Lindy Ruff’s time in Buffalo is best described as a saga. 14 years as the Sabres head coach has made Ruff the longest tenured coach in NHL history and the winning-est coach to only coach one team. There’s no doubt that Ruff will go down in history as one of the most beloved Sabres coaches ever. However, for a man that may one day have a statue or banner hanging in his honor, a lot of sour feelings have developed towards him among his players and fans. Is it possible that the Lindy Ruff saga could be nearing its conclusion? Before we can answer that, we first need to understand what got him to where he is today.
1997 – 2004: The Saga Begins
When Lindy Ruff stepped in as head coach of the Sabres in 97-98 his coaching career immediately took off. He led the team to four playoff appearances in his first four years as head coach, including a trip to the 98-99 Stanley Cup finals. Yet, troubles outside of Ruff’s control began in the 01-02 season.
Star goaltender Dominik Hasek forced a trade that sent him to a cup-contender (the Detroit Red Wings) and bankrupt owner John Rigas was indicted for fraud and embezzling, forcing the league to take over the team, which they nearly relocated until Tom Golisano purchased the team in 2003. Thus Ruff’s three-consecutive playoff misses, from 2002 to 2004, are excusable. After all, what could one expect from him given the poor circumstances?
2005 – 2011: More Highs and Lows
In 05-06, with ownership troubles finally settled and the league playing again, Lindy Ruff was able to return the Sabres to their pre-millennium selves. That year the Sabres returned to the playoffs and went all the way to the conference finals. Ruff was honored with the 05-06 Jack Adams award.
The Sabres success continued in 06-07 when Ruff coached the team to its best season in franchise history. They went 53-22-3 that year and earned the first ever Sabres presidents trophy.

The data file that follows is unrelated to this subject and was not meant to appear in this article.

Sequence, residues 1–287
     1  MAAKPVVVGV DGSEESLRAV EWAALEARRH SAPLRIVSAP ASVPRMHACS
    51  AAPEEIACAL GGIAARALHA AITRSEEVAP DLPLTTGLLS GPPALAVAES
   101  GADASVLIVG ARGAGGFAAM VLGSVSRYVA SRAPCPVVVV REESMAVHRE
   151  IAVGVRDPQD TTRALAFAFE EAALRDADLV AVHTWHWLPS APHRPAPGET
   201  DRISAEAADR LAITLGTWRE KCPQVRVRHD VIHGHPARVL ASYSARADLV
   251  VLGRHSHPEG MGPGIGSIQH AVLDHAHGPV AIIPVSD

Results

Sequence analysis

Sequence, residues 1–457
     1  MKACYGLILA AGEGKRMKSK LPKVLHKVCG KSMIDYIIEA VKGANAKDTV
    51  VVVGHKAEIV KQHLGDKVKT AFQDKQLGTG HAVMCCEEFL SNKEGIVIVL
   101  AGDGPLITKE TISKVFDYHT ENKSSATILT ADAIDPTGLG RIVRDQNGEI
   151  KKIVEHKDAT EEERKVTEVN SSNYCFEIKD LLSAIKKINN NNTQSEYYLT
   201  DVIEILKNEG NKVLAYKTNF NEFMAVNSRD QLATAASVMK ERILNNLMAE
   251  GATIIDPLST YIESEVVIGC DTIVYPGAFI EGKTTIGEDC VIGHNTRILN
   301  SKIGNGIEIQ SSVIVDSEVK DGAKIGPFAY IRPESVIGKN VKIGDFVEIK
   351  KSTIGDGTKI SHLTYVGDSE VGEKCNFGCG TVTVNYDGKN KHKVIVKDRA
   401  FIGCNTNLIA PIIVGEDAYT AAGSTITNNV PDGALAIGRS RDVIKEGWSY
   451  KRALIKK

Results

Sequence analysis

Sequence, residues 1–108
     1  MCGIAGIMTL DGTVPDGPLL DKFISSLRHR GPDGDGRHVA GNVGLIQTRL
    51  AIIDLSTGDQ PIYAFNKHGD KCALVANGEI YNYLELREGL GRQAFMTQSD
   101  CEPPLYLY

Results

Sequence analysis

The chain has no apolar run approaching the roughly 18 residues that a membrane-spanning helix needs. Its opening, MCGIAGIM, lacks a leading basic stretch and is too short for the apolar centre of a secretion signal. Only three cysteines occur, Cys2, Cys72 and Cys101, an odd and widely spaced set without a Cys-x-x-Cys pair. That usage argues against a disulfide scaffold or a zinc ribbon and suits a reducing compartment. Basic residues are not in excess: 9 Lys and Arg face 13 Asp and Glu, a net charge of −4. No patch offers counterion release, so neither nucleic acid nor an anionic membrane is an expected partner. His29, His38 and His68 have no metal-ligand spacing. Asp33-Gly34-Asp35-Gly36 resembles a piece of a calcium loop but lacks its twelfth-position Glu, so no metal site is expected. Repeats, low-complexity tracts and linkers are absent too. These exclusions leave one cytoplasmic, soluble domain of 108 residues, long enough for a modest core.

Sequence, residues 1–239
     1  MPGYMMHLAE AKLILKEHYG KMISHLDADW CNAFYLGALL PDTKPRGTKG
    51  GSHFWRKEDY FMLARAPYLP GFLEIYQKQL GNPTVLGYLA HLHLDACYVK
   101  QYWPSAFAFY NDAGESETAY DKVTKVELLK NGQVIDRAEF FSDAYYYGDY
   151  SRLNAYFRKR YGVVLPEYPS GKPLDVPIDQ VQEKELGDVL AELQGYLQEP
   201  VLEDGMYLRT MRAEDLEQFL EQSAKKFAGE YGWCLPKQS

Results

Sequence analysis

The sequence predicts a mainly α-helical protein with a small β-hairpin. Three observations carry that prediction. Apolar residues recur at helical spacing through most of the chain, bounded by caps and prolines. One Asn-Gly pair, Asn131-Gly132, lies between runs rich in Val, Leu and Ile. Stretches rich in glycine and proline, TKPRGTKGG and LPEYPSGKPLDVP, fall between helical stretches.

Yet, just when confidence in Ruff has been renewed, owner Tom Golisano’s financial limitations on the team forced the Sabres back into mediocrity. Again, factors outside of Ruff’s control had given him a grace period as the team missed the playoffs in 2008 and 2009, and had a two first round exits in 2010 and 2011.
2011 – Present: No More Excuses
In February 2011 Terry Pegula purchased the team from Tom Golisano and vowed to use his vast wealth to beef up the Sabres and bring the cup to Buffalo. There would be no more financial or roster limitations, and no more excuses for Lindy Ruff.
Despite finally having an owner twho cared about more than the bottom-line, Ruff and the Sabres missed the 2012 playoffs, and rumblings from Sabres players began, indicating that some are starting to get fed up with the long-tenured coach. Derek Roy and Ville Leino in particular expressed their displeasure.
Perhaps 14 years is too long for one coach?
Ruff has always been the one constant in Buffalo. In this league an average team sees a conference final appearance about once every 7.5 years. Ruff has brought the Sabres to four in the last 14 years, doubling that success. He captured the franchises first President’s Trophy, won a Jack Adams coach of the year award, and he did it all despite the constant restraints and roster limitations of the Sabres ownership. The only accomplishment that eludes him is a Stanley Cup championship, and after 14 years as coach, fans are starting to wonder if they will ever see a cup under Lindy Ruff.
He needs to produce in the new Pegula money-is-no-object era, and he needs to do so soon. Championship hungry fans and critical players have forced all eyes on him, making the next two seasons in Buffalo make-or-break years for Lindy Ruff. He needs to squash the discontent among his players and return to the playoffs as soon as possible.
We could be watching the last few years of the epic Lindy Ruff saga. As the old saying goes, sometimes you don’t know what you’ve got till it’s gone. Then again, sometimes you don’t miss it either.
Detroit Red Wings writer for The Hockey Writers and Michigan State hockey writer for spartanavenue.com